NHL, NHLPA tentatively agree to terms on return to play: reports

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The National Hockey League and its players' association reportedly agreed to terms Friday on holding the 2021 campaign.

Each side must hold a vote among its constituents to put the final stamp of approval on the deal, Sportsnet and TSN reported.

The sides agreed to a 56-game schedule with hopes of starting Jan. 13, according to multiple outlets.

CBC Sports has not independently confirmed the reports.

Deputy NHL commissioner Bill Daly confirmed to The Associated Press the sides have an agreement, pending the approval of various executive boards.

Players on the NHLPA's executive board call on Friday night supported moving forward with the agreed upon terms, according to a person with knowledge of the meeting. The person spoke to The Associated Press on condition of anonymity because players had yet to officially approve the agreement.

The league's Board of Governors could vote on the plan as soon as this weekend. Approval from health officials in the five Canadian provinces that have teams is still needed before the NHL can go ahead with the season.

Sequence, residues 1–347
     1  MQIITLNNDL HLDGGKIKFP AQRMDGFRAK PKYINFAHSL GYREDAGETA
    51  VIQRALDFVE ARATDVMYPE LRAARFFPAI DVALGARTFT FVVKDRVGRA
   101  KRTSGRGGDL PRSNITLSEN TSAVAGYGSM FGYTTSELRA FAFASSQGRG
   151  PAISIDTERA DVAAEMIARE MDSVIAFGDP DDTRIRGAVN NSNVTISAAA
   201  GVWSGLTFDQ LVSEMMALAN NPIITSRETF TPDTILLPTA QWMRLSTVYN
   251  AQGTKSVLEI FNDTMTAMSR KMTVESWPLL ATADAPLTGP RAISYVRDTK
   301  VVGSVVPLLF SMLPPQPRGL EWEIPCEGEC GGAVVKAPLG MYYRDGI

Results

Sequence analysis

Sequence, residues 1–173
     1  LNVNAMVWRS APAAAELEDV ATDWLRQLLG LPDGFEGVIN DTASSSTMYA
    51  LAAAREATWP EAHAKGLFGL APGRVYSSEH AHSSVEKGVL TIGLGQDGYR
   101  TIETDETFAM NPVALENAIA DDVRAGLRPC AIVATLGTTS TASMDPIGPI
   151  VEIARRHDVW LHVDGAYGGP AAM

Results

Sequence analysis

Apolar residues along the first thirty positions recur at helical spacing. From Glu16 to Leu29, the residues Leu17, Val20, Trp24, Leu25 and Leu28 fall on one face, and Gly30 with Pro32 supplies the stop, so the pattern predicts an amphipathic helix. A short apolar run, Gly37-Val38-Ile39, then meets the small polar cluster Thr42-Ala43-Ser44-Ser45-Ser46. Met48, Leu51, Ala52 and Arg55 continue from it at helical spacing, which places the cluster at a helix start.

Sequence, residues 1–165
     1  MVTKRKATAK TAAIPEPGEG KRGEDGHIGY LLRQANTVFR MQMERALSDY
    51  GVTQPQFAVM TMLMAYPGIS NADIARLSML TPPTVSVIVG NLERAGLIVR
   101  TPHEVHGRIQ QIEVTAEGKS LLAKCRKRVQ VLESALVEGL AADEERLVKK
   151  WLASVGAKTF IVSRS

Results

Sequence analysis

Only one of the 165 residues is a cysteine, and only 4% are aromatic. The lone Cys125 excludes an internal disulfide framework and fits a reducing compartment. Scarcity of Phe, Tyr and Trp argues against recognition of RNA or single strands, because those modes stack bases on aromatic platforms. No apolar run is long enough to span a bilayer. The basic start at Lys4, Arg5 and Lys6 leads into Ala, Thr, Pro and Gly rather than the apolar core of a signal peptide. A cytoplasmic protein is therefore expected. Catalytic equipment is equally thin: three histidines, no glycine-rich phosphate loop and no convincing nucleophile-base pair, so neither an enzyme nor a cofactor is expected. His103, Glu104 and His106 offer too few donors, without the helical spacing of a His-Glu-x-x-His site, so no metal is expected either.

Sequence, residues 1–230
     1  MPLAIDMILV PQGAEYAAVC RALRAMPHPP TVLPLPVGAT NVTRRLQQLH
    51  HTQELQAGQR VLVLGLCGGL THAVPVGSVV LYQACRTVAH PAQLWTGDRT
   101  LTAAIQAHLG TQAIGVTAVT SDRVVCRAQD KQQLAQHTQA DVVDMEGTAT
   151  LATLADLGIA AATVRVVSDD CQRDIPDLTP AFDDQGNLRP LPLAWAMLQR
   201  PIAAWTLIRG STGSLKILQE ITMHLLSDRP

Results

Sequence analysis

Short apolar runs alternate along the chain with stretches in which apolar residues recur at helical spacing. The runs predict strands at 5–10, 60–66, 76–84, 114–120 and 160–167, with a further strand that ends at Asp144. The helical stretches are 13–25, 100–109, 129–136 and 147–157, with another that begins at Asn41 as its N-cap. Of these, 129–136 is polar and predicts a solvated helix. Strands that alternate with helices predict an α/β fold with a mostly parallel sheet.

Training camps for the seven non-playoff teams would open Dec. 31, followed by Jan. 3 for the other 24 teams. It's unclear whether teams would play in their home arenas or in "hub" cities, although an all-divisional schedule is expected.

The NHL was reportedly planning to realign its divisions for the 2020-21 campaign with a seven-team, all-Canadian division that would play domestically in Canada with no cross-border travel. However, reports Thursday night suggested that every Canadian team may have to head south instead to adhere to provincial guidelines around COVID-19.

Exhibition games aren't expected to be included in the leadup to the new season.

The NHL, like the NBA, finished its previous season in two quarantined bubbles — in Toronto and Edmonton. Commissioner Gary Bettman awarded the Stanley Cup to the Tampa Bay Lightning in late September.

Owners and players agreed to a long-term extension of the collective bargaining agreement before the 2019-20 season resumed, bracing for financial ramifications of the pandemic. They agreed recently to stick to that deal, which includes players deferring 10 per cent of salaries, a cap on money paid into escrow and a flat $81.5 million US cap.

The NHL follows the NBA in moving toward another regular season. The basketball season opens Tuesday.